(I've had this post queued up for ages. I'm in Vietnam! It's hot and mad and I am covered in infected bedbug bites and I have the flu. So glamorous! Pictures and things to come later.)

My mum and I are pretty mad book fiends, which must be in the blood as her family owned a bookshop/printing company in Wellington until a couple of decades ago. We're both especially obsessed with literature we loved when we were kids, which works for me because my mum kept every single one of her books from her youth. This means I was raised on more or less the same stuff as her- we're both absolute Enid Blyton and Laura Ingalls Wilder fangirls, but there is one amazing book that we both read until it literally fell apart. Mum's grandparents got it for her on a trip to the USA sometime in the 60s, and we both pored over it 30 years apart.

This amazing 3-D copy of Thumbelina was the greatest, scariest thing to me as a 6 year-old, and when we found it while cleaning out the garage, we embarked on a mission to find out more about them. A quick Google lead to tonnes of results, and it turns out we're not the only ones who were in love with this book- and there's a whole series! They were imported from Japan to the US in the 1960s. The 3-D imaging is called lenticular printing, and these books were published by Shiba Productions in the mid- to late- 1960s. This company was founded by KihachirĊ Kawamoto, who was a stop-motion artist who also designed and animated puppets for television shows. The prints in these books are technically staged photographs of dolls, but their creator refers to them as puppets, because they 'act'. Magical. Some other studios made different editions of these 3-D puppet books and other lenticular literature, but the ones we love are the traditional fairytale ones, published by Golden Press.

Wall of info, compiled from lots of different sources for anyone who loves these holographic puppet storybooks books like we do. We had to pay through the nose for some of them on eBay and Amazon because it turns out they're pretty collectable, and it's rare to find them in still-readable condition. This is the collection so far- we're still missing a couple, but we're working on it, and The Little Mermaid is currently on its way to me. We bought a second copy of Thumbelina because the original one had been over-read by too many generations and was beyond repair. Something about these books is just ridiculously appealing to me- the hyper-saturated cartoony colours, the puppets that you can see were so lovingly crafted, the weird new way of presenting these familiar stories. I love the detail in the scenes, it's so careful and complex. Anyway. I hope someone else can derive as much weird pleasure as me from these photos.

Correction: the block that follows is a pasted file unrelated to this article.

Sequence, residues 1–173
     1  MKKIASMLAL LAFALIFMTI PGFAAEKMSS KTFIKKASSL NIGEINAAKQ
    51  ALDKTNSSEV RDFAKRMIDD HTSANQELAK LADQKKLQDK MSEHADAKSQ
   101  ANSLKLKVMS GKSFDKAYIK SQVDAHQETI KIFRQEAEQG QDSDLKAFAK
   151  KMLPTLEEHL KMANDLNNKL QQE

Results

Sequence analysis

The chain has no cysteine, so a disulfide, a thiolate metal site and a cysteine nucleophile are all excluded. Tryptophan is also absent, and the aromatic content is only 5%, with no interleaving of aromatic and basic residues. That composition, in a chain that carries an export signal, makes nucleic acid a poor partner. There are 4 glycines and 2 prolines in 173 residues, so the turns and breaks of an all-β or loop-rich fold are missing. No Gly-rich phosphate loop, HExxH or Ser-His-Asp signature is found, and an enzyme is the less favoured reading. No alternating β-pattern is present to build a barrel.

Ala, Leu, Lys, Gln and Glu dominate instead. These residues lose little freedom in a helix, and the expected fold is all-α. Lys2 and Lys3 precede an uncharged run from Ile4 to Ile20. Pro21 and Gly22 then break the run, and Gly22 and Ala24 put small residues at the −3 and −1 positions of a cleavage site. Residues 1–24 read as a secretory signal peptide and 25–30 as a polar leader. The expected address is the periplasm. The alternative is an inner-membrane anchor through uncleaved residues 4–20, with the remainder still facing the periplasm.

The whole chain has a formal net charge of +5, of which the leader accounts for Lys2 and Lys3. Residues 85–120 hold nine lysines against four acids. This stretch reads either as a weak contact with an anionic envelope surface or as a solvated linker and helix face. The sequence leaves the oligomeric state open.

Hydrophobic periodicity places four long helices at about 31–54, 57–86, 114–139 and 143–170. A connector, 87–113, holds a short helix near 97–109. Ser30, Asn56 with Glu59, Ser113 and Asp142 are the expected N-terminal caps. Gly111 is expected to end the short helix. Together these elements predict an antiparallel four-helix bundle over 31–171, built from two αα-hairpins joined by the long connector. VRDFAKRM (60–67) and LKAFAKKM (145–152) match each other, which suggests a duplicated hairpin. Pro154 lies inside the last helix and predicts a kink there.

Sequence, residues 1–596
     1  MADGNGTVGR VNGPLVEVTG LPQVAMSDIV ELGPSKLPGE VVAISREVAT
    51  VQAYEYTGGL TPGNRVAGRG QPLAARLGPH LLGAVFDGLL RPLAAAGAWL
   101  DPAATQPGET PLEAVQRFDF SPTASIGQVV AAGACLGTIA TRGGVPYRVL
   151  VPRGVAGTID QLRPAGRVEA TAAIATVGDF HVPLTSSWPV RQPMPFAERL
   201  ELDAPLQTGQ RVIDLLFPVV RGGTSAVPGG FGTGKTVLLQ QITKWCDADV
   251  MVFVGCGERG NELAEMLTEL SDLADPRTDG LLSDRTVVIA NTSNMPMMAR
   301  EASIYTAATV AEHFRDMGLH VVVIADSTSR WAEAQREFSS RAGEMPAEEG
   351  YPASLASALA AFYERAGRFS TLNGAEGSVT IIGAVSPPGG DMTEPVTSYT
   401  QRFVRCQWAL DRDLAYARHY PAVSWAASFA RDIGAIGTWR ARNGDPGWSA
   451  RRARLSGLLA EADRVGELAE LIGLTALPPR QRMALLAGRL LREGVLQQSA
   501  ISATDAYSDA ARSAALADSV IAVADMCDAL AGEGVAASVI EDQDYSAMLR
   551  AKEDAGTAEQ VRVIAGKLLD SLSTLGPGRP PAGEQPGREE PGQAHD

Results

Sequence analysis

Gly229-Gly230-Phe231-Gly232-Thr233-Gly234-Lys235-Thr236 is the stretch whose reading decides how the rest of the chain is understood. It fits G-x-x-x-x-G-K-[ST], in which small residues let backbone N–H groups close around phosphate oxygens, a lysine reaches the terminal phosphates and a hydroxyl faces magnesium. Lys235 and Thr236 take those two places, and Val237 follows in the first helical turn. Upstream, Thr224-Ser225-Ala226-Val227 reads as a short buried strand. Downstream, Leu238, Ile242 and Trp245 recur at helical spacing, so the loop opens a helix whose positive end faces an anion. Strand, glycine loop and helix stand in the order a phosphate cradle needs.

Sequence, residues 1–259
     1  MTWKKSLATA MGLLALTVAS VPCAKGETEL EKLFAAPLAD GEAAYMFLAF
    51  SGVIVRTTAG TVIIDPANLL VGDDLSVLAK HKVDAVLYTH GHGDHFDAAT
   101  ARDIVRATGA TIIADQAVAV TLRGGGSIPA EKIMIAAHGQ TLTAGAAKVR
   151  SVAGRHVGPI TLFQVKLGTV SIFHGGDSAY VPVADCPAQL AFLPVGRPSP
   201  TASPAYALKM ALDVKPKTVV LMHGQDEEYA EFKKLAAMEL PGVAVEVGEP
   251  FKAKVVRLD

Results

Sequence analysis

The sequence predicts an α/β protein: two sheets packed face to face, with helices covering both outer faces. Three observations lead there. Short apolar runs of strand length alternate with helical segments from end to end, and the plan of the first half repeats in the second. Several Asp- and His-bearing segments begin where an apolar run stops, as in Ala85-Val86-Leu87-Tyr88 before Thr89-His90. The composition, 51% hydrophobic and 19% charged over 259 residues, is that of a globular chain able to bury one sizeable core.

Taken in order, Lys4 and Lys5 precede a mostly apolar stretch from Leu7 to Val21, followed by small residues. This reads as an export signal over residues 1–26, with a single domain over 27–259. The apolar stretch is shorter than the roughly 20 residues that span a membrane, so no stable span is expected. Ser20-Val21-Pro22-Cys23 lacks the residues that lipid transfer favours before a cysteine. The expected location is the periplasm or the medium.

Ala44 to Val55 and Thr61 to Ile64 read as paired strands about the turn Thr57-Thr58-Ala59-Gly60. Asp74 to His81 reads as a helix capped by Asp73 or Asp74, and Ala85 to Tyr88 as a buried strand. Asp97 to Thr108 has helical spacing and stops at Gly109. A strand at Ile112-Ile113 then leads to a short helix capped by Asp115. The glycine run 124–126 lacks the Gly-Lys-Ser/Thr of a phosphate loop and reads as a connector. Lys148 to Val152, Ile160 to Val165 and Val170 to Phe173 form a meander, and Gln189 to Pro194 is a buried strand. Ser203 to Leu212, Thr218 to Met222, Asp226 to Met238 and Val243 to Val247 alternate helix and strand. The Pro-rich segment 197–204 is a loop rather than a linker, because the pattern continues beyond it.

Damn, I love this coat. I love this coat so much. The story of how it and I came to be together begins with a magical dream some months ago, in which I thrifted an emerald-green princess coat with a velvet peter-pan collar. Does anyone else have dreams where they have amazing vintage luck, and wake up disappointed? Or just me? But yes, I dreamed it up, and then I set about on a lengthy quest to find it. I had almost given up, when my final Etsy search for 'green princess coat' came up with this one from Zwzzy Vintage, and it was love at first sight. Just in time for it to be a birthday present to myself too- I'm an April Fools baby. Although it is a liiiittle bit small in the bust, which I'll need to move the buttons to remedy, it is painfully beautiful and I've worn it non-stop since it arrived. The detailing is amazing, and the taffeta lining makes a satisfying swooshing noise when I walk.

I also birthday-treated myself to this embarrassingly-cheap replacement for my 1950s leather school satchel that I carry almost every day. The old one was a costume cupboard steal (literally) from my early years of high school, and it's been a truly faithful friend. It's held many a smuggled bottle of wine, been through many an airport security x-ray, and sat through many a lecture. But the stitching has almost all come undone, and the straps were wearing through and almost falling off. So I upgraded to a younger, sexier model off Trademe, and I hope it will see me through many more adventures. It was about 1/10th of the price of a new Cambridge satchel, plus has bonus vintage karma.

(Smiling like an idiot at the awesome cat just out of sight)

(Wearing 1960s green princess coat from Zwzzy Vintage, Topshop star-print silk dress circa 2007 via eBay, tooth necklace I made myself, amber ring that I never take off that I bought in Crete, t-bars from Emporium Vintage and 1950s school satchel from Trademe.)

Photos by the amazing Kita, who is not only super talented but bought me nemesis cake for my birthday, and in doing so changed my life forever.

This might be my last blog entry for a couple of weeks. I'm leaving on Tuesday for an impromptu-ish trip to Singapore and Vietnam, woohoo!